- The Next Generation Mobile Networks Alliance (NGMN) counts 6G as one of its particular areas of focus
- Its operator members are calling for a new approach to the implementation of the next generation of mobile network standards
- 6G should not trigger a hardware refresh, the alliance’s members stress
- But they want 6G to help deliver quantum-safe, cloud-native green network architectures
The network operator members of the Next Generation Mobile Networks Alliance (NGMN) have collaborated on a 6G position statement that aims to influence the way in which the next generation of mobile communications networking technology is introduced, insisting that the evolution from 5G to 6G needs to be very different from previous generational leaps, such as the somewhat laboured (and very expensive) shift from 4G to 5G.
In its new publication – 6G Position Statement: An Operator View – the alliance’s members, which include the likes of Orange, Telefónica, Vodafone, T-Mobile, SK Telecom and NTT Docomo, noted that 6G needs to represent “the graceful evolution of communication networks into the 2030s”, which is set to deliver “compelling new services and capabilities” while maintaining essential offerings such as voice. The use of the word ‘graceful’ is a major hint that the telcos don’t want a repeat of the past few years.
Indeed, the statement specifically notes that “6G must not inherently trigger a hardware refresh of 5G RAN infrastructure”. Instead, any decision to refresh 5G hardware should be based purely on operational requirements, such as reaching end-of-life, reducing energy consumption or adding new capabilities, and should be “independent of supporting 6G”.
“Our publication provides a clear statement of intent from the network operator community, that the traditional way of introducing a new technology generation must evolve,” said Arash Ashouriha, chairman of the NGMN Alliance board and SVP of group technology at Deutsche Telekom. “NGMN is committed to ensuring that 6G delivers tangible benefits to end users, simplifying network operations and ensuring sustainability, while offering compelling new experiences,” he added.
With this in mind, “6G will build on, and extend beyond, our existing 5G ecosystem to foster new innovations which deliver value to customers and simplify network operation. Concurrent to this journey towards the 6G era, is the development of network disaggregation and an open, interoperable cloud-native architecture,” the operators noted in their statement.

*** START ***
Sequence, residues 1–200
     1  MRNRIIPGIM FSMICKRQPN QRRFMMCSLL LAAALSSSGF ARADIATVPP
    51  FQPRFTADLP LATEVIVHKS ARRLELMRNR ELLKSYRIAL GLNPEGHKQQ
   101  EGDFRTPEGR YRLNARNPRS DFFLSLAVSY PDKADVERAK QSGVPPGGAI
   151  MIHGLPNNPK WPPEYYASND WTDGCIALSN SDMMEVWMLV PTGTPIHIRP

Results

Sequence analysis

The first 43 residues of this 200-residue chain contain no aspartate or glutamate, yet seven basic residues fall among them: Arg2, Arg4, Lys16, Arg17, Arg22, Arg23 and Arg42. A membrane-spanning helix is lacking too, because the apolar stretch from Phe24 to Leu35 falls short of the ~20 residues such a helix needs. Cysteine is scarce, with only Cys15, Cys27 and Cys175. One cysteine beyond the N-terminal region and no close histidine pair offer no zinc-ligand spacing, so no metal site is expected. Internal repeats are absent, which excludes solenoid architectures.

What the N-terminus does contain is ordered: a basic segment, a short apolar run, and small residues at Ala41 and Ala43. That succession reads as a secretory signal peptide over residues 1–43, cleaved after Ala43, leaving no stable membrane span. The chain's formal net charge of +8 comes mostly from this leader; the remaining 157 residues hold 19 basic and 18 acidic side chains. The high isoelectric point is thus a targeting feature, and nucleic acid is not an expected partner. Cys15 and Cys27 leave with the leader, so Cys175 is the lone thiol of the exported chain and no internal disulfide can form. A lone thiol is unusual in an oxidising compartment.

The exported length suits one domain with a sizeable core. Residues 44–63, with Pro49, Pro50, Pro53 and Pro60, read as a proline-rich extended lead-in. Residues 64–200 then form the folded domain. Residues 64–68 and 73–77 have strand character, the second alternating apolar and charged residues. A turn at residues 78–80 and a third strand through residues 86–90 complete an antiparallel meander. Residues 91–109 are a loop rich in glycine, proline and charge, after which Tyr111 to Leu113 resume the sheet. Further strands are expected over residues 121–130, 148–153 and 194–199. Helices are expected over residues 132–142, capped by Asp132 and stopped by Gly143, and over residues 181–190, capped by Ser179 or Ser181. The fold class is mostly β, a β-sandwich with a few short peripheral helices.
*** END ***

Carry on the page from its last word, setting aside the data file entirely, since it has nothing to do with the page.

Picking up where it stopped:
Specifically, the publication outlines a number of guiding principles for the next generation of wireless connectivity, such as the need for 6G mobile network standards to be “globally harmonised” and for the technology to come with “robust security measures” by design.
Equally important is that the introduction of 6G needs to allow “certain scenarios to be realised through software-based feature upgrades of existing network elements to meet 6G requirements,” but the technology should not worsen the performance for 5G customers and new features should not compromise core connectivity services, such as voice.
NGMN’s statement also highlights the need for network simplification, which it says should lead to “lower operational cost whilst retaining scalability and flexible deployment models”. Another operational priority is reaching “absolute energy reduction” when assessed across mobile and fixed networks to support the transition towards low-carbon economies.
The alliance believes building a “quantum safe infrastructure” that is resistant to attacks by quantum computers is also of high importance, along with the implementation of features that support automated network operations and orchestration, such as artificial intelligence (AI).
The publication further draws attention to the need for 6G to facilitate seamless integration and interoperability with fixed and satellite networks, and to support network-related application programming interfaces (APIs) to push new services.
According to Anita Döhler, CEO of NGMN, the 6G position statement is an example of “joint global MNO [mobile network operator] efforts within NGMN, which will continue working on 6G E2E [end-to-end] requirements, by collaborating with our entire partnership for the benefits of the ecosystem and end users.”
NGMN’s publication builds upon another document it issued earlier this year about the requirements and design considerations that need to be considered in future 6G developments – see True digital inclusion is key to 6G – NGMN.
- Yanitsa Boyadzhieva, Deputy Editor, TelecomTV
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